Monday, April 18, 2011

My father knew Charles Ives, for all the good it did me

Over at On An Overgrown Path, an intruiging proposal:
The new sciece of epigenetics has identified that the cells that make up our body and determine our wellbeing are not controlled primarily by our genes, but rather by the physical and energetic environment in which we live. It is early days and some of the advocates of epigenetics hover uncomfortably between science and shamanism, while similar approaches such as Alfred Tomatis' Mozart Effect continue to be treated with scepticism. But epigenetics is science rather than quackery, and if a medically proven causal relationship could be established between classical music and wellbeing, the case for live music, music education, music therapy and many other threatened activities would become much stronger. To date there has been little attempt to connect epigenetics and classical music. Surely it is it time to explore new ways of arguing the case for classical music?
I left a comment over there, but it's worth expanding a bit. Well, first of all it's worth addressing Pliable's first sentence, which makes a strong but not accurate case for epigenetics. In essence, epigenetics refers to, as Jerry Coyne puts it in a put-down of the hype surrounding the field, "inheritance not based on coding changes in the DNA". Which is to say that the environment (such as a stressful event like a famine) can affect genetics, causing changes not in the structure of DNA but in gene expression, changes that can be inherited (though only for 1 or 2 generations, it seems). Saying that our cells are "controlled primarily" by the environment is an exaggeration. Some specific epigenetics examples are known, but this doesn't of course mean that every single bloody thing that ever happens will cause a heritable change in gene expression, which is what that BBC Horizon thing linked above seems to imply:
At the heart of this new field is a simple but contentious idea – that genes have a 'memory'. That the lives of your grandparents – the air they breathed, the food they ate, even the things they saw – can directly affect you, decades later, despite your never experiencing these things yourself. And that what you do in your lifetime could in turn affect your grandchildren.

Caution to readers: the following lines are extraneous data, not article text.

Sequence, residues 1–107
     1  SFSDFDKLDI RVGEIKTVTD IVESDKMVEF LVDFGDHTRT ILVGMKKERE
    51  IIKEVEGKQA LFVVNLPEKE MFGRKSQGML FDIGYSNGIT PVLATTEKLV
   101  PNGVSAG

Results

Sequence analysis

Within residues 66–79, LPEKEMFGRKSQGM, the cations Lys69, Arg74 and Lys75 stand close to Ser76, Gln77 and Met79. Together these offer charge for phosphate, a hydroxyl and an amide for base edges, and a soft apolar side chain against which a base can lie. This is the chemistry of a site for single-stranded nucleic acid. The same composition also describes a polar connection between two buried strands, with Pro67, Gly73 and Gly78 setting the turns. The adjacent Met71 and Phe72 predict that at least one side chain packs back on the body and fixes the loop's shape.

Reminds me of Alexei Sayle's joke, along the lines of "They say that what you have to worry about isn't what killed your parents but what killed your grandparents. So I should be fine unless I'm attacked by a horde of Cossacks". As for genes having a memory, this is perhaps just a noble attempt to couch something in layman's terms but it invests a stupid mysticality into the process (the article is titled "The Ghost in Your Genes"). Yes, epigenetics means that a gene has a "memory", in the same way that my downstairs bathroom wall has a "memory" of when my son attacked the wall with a chisel - in this case, the "memory" is also known by the scientific term "holes".
The main point I was making in my comment on OAOP was, if you want to prove that listening to classical music has health benefits, then epigenetics seems an unnecessarily complicated way of going about it. We're talking about transgenerational effects, so unless you don't need results until, say, 2050, you can't study it prospectively. So that means you have to get today's adults and find out how much classical music their parents and grandparents listened to, and come up with an appropriate health benefit to study (stress hormone levels? IQ?). The huge difficulty is eliminating all possible confounders. If you're studying the impact of a famine, that's not so hard - people either went hungry for a period or they didn't - but for classical music you're talking about a lifetime of what you might call low-impact experiences that may often go hand-in-hand with other experiences - reading, for example - as well as accounting for the usual things like educational level and socioeconomic status. And of course these conditions apply not only to the grandparents but the grandchildren too. By deciding on an epigenetics approach you're going for an unnecessarily complicated level of study: why investigate the impact of a lifetime of classical music listening on an individual's children or grandchildren, when we don't even know the impact of same on the individual?
That sort of study would be easier to perform, though maybe not easy to produce a convincing conclusion. The so-called Mozart Effect, on the other hand, is much much easier to study: measure baseline levels of whatever property you're studying (stress hormone levels, IQ); play music for the subjects; measure the new levels; and keep measuring them to see how long the effect lasts. Meta-analyses cast doubt on whether there is an effect, though.
The other thing to remember with all of these approaches to showing societal benefits for classical music is - as commenter mrG alluded to on OAOP - that you must also be prepared for other, competing, studies showing the societal benefits of other forms of entertainment. You think that all Justin Bieber fans do all day is stand around screaming and wetting their pants? Hell no. They're in the labs right now. This is a war, people. We need to be ready.

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